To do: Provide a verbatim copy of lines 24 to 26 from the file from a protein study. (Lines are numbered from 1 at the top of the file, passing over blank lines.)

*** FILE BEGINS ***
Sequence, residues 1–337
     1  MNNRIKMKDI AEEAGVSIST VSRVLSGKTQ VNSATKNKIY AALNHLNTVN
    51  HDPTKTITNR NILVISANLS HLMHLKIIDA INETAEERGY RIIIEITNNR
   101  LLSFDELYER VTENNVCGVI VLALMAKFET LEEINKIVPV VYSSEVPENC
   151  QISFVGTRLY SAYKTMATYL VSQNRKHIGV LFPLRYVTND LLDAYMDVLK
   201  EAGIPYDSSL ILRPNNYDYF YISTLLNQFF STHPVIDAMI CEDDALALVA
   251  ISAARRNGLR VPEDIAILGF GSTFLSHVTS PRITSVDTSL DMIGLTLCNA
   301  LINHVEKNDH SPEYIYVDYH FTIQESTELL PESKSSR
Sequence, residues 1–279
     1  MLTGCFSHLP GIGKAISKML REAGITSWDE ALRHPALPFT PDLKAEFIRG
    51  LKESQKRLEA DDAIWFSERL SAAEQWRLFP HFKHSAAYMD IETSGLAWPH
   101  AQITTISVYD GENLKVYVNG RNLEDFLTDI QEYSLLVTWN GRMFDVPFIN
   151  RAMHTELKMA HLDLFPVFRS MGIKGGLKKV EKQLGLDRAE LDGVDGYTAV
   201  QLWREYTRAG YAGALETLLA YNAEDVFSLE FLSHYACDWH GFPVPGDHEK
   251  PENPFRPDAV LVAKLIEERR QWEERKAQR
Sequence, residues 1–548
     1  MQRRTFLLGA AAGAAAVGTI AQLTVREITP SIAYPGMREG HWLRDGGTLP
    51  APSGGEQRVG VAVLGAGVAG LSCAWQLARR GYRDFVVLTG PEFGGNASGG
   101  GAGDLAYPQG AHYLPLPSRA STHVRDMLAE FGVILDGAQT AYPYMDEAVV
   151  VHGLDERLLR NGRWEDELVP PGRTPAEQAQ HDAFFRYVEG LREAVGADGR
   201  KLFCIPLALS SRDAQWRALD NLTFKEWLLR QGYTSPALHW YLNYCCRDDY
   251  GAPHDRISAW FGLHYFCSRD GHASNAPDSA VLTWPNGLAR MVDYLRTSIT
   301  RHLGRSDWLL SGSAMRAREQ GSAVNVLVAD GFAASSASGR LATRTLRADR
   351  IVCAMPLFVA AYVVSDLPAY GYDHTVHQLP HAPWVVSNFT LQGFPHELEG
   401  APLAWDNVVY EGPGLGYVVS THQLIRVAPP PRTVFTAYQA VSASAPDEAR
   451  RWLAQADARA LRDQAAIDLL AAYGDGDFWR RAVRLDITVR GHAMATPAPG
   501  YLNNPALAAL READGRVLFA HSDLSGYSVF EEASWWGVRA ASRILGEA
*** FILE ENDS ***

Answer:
   351  IVCAMPLFVA AYVVSDLPAY GYDHTVHQLP HAPWVVSNFT LQGFPHELEG
   401  APLAWDNVVY EGPGLGYVVS THQLIRVAPP PRTVFTAYQA VSASAPDEAR
   451  RWLAQADARA LRDQAAIDLL AAYGDGDFWR RAVRLDITVR GHAMATPAPG